A quick look at the industry news section of corrosion authority NACE’s website shows items listing pipe ruptures (and resulting product spills) and corroded bridge structures where public safety is a critical concern.
According to the World Corrosion Organisation, the worldwide direct cost of corrosion is between €1.3-1.4 trillion, or 3.1-3.5% of a nation’s GDP. And these numbers reflect only the direct cost of corrosion – materials, equipment and services involved in repair, maintenance and replacement; they do not take account of the environmental damage, waste of resources, loss of production, or personal injury resulting from the corrosion.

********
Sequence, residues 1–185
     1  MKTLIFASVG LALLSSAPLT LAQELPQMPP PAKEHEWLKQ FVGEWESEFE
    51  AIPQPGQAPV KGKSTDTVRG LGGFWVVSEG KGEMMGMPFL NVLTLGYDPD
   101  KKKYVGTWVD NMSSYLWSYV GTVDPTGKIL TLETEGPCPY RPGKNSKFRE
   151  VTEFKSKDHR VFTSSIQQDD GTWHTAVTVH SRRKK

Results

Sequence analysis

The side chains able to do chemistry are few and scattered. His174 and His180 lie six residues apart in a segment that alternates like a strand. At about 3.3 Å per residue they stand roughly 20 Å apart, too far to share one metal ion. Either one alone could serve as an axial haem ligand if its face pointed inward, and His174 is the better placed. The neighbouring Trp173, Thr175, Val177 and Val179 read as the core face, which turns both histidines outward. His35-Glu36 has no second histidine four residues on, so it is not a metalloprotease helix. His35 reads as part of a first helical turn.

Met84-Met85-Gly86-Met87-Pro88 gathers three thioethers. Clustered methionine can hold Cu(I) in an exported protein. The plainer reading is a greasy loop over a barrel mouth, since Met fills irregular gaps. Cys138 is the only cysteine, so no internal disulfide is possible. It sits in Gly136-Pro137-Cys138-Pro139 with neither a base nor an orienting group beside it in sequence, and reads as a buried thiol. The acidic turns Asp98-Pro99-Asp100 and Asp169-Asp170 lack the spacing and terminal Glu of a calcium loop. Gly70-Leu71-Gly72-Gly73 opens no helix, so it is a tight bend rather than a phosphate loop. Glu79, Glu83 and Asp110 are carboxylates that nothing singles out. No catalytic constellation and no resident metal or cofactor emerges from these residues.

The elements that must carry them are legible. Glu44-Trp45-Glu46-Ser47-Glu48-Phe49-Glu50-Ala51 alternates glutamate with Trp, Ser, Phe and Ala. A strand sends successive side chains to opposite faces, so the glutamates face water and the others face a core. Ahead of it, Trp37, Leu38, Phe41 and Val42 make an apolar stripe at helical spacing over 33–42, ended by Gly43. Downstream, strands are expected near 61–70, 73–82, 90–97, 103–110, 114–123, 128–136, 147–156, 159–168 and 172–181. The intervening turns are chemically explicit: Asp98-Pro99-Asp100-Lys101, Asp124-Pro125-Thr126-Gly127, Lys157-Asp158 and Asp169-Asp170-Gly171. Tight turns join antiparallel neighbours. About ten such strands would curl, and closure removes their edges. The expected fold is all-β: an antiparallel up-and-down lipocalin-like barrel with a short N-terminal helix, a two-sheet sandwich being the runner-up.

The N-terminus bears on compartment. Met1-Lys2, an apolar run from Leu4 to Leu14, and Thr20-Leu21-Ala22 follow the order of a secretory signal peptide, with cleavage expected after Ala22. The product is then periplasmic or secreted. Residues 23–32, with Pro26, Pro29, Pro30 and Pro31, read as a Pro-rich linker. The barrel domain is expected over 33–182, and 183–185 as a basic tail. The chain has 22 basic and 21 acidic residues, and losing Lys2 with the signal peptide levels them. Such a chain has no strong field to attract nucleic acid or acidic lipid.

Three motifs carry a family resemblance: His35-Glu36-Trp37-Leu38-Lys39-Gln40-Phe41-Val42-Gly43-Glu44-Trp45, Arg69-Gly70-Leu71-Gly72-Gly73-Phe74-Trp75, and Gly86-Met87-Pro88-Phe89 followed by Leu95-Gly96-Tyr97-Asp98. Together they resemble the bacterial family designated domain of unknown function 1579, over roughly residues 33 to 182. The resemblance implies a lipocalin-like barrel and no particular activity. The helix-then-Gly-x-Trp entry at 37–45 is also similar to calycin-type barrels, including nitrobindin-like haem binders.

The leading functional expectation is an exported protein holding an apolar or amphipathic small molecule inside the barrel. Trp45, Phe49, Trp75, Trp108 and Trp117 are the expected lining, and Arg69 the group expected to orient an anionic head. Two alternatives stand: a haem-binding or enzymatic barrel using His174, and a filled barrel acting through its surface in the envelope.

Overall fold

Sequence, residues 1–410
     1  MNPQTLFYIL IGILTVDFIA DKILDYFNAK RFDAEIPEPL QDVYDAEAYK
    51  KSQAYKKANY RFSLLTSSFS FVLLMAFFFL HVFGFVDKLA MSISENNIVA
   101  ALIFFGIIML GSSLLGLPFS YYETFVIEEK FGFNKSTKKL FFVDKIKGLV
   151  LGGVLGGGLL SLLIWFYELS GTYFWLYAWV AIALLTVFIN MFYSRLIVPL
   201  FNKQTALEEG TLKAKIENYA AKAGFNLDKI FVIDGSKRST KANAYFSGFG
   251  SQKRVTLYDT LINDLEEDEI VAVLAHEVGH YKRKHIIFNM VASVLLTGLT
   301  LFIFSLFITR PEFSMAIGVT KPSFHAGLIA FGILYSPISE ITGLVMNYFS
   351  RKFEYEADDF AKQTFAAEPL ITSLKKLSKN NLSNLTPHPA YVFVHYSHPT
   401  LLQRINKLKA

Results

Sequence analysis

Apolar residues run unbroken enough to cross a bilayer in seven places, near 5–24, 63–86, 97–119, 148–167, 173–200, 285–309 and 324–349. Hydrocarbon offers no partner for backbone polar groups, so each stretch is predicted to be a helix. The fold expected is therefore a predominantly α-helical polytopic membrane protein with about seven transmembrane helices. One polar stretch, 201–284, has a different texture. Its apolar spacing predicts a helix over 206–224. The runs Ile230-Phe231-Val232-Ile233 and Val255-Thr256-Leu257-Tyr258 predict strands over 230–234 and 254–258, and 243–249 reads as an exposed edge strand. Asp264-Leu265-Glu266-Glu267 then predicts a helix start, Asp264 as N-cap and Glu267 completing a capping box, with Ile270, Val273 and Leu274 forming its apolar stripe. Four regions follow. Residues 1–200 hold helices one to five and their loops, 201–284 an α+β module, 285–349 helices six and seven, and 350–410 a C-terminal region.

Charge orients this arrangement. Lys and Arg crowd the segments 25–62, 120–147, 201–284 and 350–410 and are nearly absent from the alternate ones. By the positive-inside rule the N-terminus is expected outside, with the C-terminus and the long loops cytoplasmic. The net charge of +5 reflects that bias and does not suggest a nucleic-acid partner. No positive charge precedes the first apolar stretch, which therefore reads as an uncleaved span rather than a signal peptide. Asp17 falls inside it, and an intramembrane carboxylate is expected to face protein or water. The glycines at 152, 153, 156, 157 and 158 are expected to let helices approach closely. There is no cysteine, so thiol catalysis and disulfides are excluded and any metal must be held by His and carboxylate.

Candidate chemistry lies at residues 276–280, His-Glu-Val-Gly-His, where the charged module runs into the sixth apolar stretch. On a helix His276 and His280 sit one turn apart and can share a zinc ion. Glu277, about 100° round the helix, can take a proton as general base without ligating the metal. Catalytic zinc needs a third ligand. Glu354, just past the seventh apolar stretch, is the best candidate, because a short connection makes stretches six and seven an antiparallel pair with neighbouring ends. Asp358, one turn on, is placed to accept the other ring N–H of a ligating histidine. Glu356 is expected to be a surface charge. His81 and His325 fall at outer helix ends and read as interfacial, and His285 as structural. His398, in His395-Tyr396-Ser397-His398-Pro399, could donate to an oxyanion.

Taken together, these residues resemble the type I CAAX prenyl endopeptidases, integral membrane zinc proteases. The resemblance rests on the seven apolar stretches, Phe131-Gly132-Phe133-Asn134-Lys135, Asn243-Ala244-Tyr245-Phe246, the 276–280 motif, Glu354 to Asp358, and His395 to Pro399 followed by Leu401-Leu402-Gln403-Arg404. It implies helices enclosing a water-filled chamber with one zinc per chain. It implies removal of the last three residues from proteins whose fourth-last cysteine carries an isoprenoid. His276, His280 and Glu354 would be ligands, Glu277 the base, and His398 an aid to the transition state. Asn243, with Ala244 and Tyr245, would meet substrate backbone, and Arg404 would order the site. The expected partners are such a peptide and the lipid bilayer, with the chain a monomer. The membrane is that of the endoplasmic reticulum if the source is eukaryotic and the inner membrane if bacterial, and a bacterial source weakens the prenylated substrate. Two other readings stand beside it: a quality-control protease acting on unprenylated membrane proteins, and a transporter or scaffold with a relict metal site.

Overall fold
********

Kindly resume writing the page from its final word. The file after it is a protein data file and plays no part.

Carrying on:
Corrosion experts believe that 20-25% of that annual cost could be saved by applying currently available corrosion control technologies, including materials development and selection.
Corrosion resistance is one of the key benefits of composites. For industries which deal with chemicals and other corrosive substances, pipes, tanks and other process equipment made from composites can offer low maintenance requirements and longer service life.
A feature in the July/August issue of Reinforced Plastics reports that growing demand for corrosion resistant materials in many industries, combined with higher prices for corrosion resistant metals and alloys, are some of the factors currently favouring composites, however educating engineers and end-users who have more experience with metals is still going to be an issue for the longer term.